• Join over 1.2 million students every month
  • Accelerate your learning by 29%
  • Unlimited access from just £6.99 per month

Compare and contrast the representation of evil in Golding's Lord of the Flies with Stevenson's Dr Jekyll and Mr Hyde.

Extracts from this document...


ASHLEIGH EARL 11H Compare and contrast the representation of evil in Golding's Lord of the Flies with Stevenson's Dr Jekyll and Mr Hyde Introduction Dr Jekyll and Mr Hyde is a dark mysterious novel. Robert Louis Stevenson sets the strange case during the Victorian period in London. The main theme of the novel is evil. William Golding also uses the theme of evil in the book Lord of the Flies. Golding set his novel on an island during World War Two. I would like to use these two novels to compare and contrast the representation of evil in what ways the authors express the theme of evil. John Lewis Stevenson was born on November 13th 1850 in Edinburgh, Scotland at a time when society's differences were very dissimilar. Edinburgh and London alike had social areas where brothels and shadiness flourished. In contrast there were areas of the middle high society where respectability, politeness and the ever presence of the faithful, righteous churchgoers. During his childhood he suffered very ill health and was looked after by a nurse who sparked off his interest in literature by reading books to him, such as Pilgrims Progress and the Old Testament. Later as a student he read horror novels such as Frankenstein written by Mary Shelly and Origins of the Species by Charles Darwin. He was romantic and well travelled, visiting France, Switzerland and California. ...read more.


Golding describes him as 'unsocial with a gloomy face spiteful in his own ways'. For example (pages 66-67) 'Roger stooped, picked up a stone, aimed and threw it at Henry - threw it to miss'. 'Roger gathered a handful of stones and began to throw them', in this case the small boy, Henry, thought of the stone throwing as fun and games. Towards the end of the novel Roger was the one who was the most evil and wicked. Golding describes in great detail of how grotesque and uncivilised the boys murdered the pig (page 149) 'Roger found lodgement for his point and began to push until he was leaning with his whole weight. Both these characters are represented as evil from onset in this novel. Stevenson uses Mr Hyde to convey the evil in his novel. This is the small man who commits the monstrous acts of brutality and murder throughout the story. Mr Hyde is created when Dr Jekyll drinks a special potion, subsequently turning himself into this other creature. Mr Hyde is hated by everyone he meets, even at first glance. Although they cannot name it, those around him sense something profoundly evil about his character. Mr Hyde is not a separate person but merely a projection of Jekyll. This means that Jekyll becomes evil as he cannot admit that he is Hyde. Hyde is the representation of evil in man, he symbolises that there is evil in any decent man. ...read more.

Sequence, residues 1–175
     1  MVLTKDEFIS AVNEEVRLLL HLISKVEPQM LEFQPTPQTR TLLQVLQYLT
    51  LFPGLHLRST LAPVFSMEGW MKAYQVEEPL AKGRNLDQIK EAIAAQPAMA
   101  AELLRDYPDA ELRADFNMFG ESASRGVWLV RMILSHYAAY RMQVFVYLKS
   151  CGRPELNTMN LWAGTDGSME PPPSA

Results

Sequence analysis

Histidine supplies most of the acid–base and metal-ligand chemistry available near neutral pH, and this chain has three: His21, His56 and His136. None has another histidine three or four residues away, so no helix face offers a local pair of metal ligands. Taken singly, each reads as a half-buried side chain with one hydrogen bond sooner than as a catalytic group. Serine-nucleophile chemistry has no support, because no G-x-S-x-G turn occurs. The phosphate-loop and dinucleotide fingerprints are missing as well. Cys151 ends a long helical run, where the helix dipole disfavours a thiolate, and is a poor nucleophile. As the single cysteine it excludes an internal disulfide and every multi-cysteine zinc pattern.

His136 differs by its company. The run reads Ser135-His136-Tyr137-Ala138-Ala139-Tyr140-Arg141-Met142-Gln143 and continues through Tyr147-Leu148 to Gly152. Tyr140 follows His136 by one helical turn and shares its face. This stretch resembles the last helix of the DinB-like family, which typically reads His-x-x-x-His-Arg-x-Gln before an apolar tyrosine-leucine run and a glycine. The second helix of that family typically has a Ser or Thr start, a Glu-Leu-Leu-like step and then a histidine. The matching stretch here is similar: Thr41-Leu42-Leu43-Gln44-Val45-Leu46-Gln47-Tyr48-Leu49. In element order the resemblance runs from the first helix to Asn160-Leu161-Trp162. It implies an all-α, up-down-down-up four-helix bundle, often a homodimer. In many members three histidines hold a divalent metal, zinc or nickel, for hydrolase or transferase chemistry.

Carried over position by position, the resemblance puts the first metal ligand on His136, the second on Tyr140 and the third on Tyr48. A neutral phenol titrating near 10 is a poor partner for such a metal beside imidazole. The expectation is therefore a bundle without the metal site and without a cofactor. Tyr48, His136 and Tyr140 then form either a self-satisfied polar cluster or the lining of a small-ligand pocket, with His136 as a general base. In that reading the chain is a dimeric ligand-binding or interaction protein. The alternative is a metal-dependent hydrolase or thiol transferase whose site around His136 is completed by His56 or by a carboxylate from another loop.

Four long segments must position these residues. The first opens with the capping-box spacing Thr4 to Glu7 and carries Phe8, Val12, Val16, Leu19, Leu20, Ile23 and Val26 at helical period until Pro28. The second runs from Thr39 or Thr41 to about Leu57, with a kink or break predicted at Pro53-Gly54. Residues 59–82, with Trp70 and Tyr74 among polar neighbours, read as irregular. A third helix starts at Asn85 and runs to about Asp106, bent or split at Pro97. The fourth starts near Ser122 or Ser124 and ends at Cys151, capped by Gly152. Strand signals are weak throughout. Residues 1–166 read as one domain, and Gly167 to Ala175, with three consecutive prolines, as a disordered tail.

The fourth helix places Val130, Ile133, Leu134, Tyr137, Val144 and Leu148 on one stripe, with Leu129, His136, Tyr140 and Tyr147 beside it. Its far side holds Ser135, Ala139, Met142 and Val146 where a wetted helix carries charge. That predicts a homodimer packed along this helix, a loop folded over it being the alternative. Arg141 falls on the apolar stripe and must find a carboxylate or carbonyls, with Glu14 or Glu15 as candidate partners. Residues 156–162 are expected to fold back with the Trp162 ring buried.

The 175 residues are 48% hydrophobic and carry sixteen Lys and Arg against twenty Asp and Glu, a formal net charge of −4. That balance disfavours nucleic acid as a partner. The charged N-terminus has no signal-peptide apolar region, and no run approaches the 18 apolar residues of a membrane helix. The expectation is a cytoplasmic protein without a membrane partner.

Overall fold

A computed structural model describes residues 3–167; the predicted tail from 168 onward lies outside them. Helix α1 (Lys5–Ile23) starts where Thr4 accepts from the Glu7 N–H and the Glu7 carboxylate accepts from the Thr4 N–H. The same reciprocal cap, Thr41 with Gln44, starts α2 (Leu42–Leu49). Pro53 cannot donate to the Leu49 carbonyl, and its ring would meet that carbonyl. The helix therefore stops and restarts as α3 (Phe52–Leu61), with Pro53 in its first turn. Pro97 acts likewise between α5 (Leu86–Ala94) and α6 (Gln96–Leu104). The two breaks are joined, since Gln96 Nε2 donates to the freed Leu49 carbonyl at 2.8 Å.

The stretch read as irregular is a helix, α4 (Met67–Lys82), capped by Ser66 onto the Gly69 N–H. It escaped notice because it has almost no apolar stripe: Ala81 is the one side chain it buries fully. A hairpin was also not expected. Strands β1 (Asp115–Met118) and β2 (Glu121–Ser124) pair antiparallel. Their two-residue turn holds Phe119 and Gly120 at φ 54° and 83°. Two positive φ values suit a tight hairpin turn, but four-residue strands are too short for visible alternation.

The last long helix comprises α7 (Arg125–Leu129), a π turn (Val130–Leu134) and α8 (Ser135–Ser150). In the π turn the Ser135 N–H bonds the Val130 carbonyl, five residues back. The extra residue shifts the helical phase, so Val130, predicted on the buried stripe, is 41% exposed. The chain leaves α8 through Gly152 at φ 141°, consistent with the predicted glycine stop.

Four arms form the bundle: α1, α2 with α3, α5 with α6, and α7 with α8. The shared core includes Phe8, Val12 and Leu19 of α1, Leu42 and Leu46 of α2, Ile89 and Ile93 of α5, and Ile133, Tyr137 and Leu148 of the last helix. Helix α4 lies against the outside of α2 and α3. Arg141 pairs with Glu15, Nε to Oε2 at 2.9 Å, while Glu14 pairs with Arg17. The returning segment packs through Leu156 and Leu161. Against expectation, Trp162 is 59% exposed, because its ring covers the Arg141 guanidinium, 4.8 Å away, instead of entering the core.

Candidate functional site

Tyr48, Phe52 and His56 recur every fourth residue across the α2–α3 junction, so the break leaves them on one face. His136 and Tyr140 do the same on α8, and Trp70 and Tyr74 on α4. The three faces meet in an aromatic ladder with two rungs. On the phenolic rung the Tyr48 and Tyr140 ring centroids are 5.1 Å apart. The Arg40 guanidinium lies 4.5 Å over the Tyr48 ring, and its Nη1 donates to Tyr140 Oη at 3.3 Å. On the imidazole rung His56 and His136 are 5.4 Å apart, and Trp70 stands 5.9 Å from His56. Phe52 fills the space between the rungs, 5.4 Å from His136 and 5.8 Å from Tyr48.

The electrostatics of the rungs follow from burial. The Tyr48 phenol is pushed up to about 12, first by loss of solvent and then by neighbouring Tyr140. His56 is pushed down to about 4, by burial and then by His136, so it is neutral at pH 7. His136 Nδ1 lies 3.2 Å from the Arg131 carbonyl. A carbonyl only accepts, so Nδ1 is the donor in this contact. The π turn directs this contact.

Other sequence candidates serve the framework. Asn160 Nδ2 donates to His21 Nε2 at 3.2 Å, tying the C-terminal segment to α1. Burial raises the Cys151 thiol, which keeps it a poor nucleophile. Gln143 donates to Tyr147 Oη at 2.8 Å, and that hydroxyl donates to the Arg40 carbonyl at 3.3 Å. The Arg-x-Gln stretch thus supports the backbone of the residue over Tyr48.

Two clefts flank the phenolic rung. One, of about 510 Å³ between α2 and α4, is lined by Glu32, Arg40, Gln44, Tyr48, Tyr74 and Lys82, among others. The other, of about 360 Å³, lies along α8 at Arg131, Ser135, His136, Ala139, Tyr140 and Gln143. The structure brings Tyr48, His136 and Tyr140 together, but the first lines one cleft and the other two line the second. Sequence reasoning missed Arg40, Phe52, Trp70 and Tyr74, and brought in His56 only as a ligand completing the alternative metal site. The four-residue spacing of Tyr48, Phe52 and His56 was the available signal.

Hyde's speech gives off a sense of evil as he gives short and quick answers. In chapter two where the lawyer gets to talk face to face with the hideous Hyde, they have an important conversation. Hyde gives the impression that he is not the sociably type as his speech is short and impolite. 'He answered coolly enough: 'That is my name. What do you want?' Jekyll's speech also changed throughout the novel, as under pressure some of the time. So many questions were asked as to whom the mysterious man was who he had placed so much trust in. For example, at one of Jekyll's 'fine dinners' (in the beginning of chapter three) where Utterson attempts to question Jekyll about his friend Mr Hyde. After Utterson mentions Hyde, that he had been learning a few things about him, Jekyll's face 'grew pale to the very lips and there came some blackness about his eyes'. This suggests that you can see Hyde in Jekyll even though he has not been transformed, it show evil about him. 'I do not care to hear more,' said he. 'This is a matter I thought we had agreed to drop.' After the description of how Jekylls face changed after the mention of Hyde, you can imagine his speech to be short-tempered or touchy. Then reassuring the lawyer that Hyde was a private matter and he will be rid of him soon, Utterson promised not to mention the matter any further. Suggest something about stevensons use of words and why he uses them (back of the book) ...read more.